A free and open World Cup
Sometimes the men in suits get it right and FIFA’s decision to open up the World Cup bidding process is right on the money.
Well, of course, money had a lot to do with the decision, but FIFA’s call to end rotation and give the finals to what they consider the best candidate makes sound footballing and commercial sense.
The only restriction is that countries from the confederations that hosted the previous two tournaments are ineligible.
Therefore the bidding battle to stage the 2018 finals will be a worldwide contest excluding only countries from Africa, who are hosting 2010, and South America, whose bid from Brazil was rubber-stamped on Tuesday. African nations can bid again for 2022, while South America can re-enter the fray in 2026.
FIFA president Sepp Blatter may have many critics, but he’s an astute politician and on Tuesday he as good as admitted FIFA had made a mistake by rotating the bidding process around the continents.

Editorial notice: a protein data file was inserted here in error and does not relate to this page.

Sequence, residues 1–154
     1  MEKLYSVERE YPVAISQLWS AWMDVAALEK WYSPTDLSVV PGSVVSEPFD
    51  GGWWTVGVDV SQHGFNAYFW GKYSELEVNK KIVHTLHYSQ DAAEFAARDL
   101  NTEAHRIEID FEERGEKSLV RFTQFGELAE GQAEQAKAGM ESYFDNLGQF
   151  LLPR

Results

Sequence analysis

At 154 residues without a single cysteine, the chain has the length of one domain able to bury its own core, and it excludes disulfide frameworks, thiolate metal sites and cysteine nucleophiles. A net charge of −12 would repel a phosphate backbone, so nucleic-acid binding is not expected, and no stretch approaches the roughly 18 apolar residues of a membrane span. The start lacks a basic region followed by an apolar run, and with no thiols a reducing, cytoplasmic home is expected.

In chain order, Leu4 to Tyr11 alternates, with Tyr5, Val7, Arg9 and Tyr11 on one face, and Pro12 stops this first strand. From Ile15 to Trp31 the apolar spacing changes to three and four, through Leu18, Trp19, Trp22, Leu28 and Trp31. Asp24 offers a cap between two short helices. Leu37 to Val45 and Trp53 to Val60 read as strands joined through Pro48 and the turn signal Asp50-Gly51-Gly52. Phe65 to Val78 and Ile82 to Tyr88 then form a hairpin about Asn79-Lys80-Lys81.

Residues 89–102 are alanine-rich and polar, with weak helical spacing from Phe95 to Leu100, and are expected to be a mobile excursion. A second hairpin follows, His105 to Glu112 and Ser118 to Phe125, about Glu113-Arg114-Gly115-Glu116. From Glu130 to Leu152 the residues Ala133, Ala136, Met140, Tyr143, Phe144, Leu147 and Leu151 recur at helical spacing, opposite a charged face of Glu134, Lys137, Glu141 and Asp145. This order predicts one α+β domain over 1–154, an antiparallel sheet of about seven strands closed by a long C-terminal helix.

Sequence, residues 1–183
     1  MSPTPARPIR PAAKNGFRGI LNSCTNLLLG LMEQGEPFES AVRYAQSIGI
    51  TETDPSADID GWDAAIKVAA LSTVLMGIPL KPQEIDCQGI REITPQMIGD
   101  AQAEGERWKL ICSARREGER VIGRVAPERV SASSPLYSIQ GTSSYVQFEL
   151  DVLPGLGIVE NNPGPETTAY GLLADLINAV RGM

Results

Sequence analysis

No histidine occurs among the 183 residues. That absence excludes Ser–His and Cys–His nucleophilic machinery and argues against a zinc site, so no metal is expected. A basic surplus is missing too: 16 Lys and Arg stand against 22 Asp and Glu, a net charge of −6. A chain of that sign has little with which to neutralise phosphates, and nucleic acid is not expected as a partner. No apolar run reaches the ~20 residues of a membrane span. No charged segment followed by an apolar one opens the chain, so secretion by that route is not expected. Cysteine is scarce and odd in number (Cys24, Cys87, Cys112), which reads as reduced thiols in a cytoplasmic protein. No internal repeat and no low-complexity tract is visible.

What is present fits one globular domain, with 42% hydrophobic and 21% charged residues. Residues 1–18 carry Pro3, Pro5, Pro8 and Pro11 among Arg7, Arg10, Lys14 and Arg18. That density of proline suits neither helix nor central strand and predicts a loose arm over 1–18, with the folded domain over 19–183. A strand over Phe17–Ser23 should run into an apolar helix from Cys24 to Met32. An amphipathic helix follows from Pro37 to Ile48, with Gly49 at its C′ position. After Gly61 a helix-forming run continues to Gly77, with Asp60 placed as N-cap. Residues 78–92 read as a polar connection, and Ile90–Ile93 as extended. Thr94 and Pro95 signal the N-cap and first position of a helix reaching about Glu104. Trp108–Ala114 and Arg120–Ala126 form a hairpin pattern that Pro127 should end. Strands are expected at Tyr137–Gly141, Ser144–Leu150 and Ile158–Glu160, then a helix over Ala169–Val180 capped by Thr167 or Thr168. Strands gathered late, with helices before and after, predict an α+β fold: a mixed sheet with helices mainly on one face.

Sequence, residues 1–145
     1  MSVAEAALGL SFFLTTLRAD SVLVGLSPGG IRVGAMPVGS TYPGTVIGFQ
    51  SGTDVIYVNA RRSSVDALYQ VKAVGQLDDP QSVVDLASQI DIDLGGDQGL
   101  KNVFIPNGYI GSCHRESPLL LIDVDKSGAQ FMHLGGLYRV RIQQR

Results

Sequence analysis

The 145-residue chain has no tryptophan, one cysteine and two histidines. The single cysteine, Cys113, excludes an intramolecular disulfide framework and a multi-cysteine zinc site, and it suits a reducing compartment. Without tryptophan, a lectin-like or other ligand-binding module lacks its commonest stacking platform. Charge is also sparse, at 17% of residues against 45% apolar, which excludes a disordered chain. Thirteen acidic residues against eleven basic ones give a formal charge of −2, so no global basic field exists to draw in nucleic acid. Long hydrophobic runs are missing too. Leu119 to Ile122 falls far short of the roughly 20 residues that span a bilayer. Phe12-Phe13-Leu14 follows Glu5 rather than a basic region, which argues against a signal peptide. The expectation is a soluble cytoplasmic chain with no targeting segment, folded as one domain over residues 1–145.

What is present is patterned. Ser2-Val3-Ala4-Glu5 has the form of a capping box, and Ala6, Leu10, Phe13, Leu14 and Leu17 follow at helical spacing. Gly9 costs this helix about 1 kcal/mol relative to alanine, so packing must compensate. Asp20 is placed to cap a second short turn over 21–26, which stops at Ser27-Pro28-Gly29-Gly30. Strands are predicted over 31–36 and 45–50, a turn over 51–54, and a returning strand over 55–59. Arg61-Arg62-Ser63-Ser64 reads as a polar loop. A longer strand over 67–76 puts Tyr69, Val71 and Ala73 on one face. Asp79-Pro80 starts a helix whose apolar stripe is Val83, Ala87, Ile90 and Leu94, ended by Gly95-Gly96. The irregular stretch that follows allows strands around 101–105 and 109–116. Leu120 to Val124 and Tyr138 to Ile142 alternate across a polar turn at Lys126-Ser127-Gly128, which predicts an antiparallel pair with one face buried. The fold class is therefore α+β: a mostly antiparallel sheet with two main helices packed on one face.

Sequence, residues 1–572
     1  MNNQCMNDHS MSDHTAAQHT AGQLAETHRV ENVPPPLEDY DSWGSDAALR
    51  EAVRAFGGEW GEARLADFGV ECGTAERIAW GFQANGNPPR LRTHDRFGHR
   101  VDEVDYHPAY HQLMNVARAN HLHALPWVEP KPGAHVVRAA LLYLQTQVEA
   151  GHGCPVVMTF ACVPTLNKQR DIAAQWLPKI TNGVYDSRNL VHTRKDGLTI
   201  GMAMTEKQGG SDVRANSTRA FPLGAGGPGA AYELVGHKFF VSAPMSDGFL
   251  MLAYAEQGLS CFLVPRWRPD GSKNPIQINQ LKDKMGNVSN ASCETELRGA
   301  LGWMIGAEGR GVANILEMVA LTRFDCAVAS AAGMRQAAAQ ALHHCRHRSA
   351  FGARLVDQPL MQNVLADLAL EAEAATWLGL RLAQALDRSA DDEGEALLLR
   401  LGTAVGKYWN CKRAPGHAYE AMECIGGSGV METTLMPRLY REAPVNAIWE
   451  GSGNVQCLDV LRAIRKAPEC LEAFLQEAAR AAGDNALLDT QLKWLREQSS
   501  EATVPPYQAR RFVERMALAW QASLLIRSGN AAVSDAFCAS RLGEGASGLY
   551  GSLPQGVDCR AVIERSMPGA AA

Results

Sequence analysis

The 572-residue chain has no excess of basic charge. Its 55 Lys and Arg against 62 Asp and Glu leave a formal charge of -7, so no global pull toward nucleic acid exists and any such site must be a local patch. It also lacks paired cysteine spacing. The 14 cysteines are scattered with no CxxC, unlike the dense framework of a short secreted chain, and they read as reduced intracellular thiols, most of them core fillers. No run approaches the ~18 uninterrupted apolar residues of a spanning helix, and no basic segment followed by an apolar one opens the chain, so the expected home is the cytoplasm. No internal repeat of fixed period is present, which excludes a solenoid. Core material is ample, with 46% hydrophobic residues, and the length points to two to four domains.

FIFA did not really anticipate that a confederation would only nominate one country like South America did for Brazil. FIFA thought there would be an internal competition, but they were wrong.
The bidding process will become more like the Olympics bidding process now, but there is nothing wrong in that. It creates excitement, generates interest and gives more countries around the world a chance, at least, of hosting the world’s greatest sporting tournament.
Mike Collett, who saw his first World Cup match in England in 1966 and would like to see the tournament return to England in 2018.
PHOTO: October 29, 2007. FIFA’s executive committee has voted unanimously on Monday to end its policy of rotating the hosting of World Cups through its six continental confederations. REUTERS/Michael Buholzer